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Since I was a C programmer for so long before Perl, I occasionally mistype my code and put == when I ought to use eq. When it does happen, I get a message like Argument "" isn't numeric in ... because I use warnings;, and then it's easy enough to fix. That said, and compiler dependencies aside, there is a purely practical argument for having two equivalence operators: they do different things.

To understand that, consider the following toy program:

#!/usr/bin/perl -w use strict; my $aval = "0"; # string number zero my $bval = "0.0"; # also a string zero, spelled differently for my $compare ( $aval, $bval ) { print "Comparing '$compare' to 0...\n"; print "string match\n" if ( $compare eq 0 ); print "number match\n" if ( $compare == 0 ); }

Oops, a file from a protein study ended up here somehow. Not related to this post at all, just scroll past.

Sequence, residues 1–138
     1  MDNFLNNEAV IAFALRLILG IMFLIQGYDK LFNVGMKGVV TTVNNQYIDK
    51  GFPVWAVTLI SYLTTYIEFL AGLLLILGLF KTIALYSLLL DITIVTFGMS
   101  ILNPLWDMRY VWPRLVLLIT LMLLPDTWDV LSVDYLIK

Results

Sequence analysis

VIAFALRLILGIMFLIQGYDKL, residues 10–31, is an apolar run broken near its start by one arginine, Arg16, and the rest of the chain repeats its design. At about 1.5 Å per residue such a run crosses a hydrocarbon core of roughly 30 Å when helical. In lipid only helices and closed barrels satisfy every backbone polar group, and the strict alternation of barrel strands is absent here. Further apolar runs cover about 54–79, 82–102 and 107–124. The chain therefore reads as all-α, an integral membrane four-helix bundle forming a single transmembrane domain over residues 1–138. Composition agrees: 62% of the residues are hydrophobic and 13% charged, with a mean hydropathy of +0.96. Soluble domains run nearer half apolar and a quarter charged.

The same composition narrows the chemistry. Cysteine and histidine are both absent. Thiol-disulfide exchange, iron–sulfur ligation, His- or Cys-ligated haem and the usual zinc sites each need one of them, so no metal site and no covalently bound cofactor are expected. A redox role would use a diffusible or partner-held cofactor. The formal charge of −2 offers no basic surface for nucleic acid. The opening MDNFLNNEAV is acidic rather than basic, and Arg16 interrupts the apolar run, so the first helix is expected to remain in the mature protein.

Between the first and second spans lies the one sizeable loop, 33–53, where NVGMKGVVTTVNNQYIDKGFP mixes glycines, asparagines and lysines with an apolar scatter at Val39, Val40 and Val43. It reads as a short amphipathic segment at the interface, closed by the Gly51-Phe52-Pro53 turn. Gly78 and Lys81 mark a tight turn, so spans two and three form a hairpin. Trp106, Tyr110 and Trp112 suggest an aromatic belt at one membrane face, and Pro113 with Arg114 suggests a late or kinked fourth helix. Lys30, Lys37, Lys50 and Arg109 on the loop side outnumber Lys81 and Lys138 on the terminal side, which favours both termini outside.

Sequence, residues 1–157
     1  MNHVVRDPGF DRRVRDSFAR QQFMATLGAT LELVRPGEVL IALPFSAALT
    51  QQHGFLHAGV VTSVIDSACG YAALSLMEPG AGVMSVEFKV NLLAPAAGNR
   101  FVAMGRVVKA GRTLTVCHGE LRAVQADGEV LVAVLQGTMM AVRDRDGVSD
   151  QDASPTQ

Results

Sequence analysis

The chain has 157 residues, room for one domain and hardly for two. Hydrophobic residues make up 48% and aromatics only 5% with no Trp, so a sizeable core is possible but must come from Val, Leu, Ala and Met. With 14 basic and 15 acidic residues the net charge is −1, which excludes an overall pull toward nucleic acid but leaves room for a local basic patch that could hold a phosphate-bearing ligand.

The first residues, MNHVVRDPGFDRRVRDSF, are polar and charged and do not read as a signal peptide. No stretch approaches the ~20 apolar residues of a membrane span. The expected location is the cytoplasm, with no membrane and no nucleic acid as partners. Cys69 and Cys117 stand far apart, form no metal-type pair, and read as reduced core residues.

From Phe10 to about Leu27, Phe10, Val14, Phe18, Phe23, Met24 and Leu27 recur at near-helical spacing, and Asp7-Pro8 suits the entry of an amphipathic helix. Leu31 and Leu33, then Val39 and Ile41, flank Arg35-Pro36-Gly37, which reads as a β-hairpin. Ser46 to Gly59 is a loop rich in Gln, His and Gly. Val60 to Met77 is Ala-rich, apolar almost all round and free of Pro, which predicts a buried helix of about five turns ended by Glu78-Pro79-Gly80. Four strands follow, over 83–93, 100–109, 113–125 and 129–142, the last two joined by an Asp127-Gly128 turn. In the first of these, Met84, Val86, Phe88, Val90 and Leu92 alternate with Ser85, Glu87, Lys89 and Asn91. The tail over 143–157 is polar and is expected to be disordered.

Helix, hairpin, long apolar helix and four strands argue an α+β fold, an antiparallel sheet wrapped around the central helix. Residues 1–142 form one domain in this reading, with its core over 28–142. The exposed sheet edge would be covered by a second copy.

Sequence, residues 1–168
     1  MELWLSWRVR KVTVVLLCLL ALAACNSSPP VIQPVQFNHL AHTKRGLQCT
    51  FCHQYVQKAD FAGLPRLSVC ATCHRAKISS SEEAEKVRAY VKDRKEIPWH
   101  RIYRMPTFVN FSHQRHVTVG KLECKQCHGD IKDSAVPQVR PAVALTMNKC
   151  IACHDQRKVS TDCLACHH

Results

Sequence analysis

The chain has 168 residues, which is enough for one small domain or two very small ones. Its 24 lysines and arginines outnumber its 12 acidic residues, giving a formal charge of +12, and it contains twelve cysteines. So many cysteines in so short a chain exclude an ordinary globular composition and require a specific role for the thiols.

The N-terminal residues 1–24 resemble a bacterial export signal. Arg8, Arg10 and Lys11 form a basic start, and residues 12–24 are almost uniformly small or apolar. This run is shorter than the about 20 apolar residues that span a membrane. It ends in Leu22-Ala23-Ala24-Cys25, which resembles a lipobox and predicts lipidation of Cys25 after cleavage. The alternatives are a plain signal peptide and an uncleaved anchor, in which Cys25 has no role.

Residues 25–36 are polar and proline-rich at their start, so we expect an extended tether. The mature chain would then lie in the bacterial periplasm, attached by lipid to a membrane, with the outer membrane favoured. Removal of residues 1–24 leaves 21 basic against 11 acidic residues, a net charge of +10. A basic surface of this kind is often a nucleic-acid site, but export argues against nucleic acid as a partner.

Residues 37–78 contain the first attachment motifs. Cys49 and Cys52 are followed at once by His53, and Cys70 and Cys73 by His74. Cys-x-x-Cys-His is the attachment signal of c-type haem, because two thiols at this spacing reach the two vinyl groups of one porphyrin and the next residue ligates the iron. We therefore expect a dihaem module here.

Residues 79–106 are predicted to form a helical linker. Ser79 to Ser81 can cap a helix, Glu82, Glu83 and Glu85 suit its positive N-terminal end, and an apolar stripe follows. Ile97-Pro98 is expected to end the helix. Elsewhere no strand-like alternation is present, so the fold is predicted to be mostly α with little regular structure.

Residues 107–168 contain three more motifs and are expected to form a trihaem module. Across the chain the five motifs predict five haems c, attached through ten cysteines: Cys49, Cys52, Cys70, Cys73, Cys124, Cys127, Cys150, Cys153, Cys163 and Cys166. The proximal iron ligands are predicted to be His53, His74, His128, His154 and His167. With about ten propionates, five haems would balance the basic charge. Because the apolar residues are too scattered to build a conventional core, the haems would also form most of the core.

The string "0.0" is different from the string "0", but it's the same numerically. Yes, we could get the same thing with an overloaded equivalence operator and strong typing on all variables -- but to be honest, I find all that extra code to be a nuisance. Also, the dual-purpose nature of scalars allows us to return "0 but true" from a subroutine and let the caller use it as a boolean pass/fail or numeric count value (see Re: True or False? A Quick Reference Guide for details).

In reply to Re: irritation makes perls by papidave
in thread irritation makes perls by xyzzy

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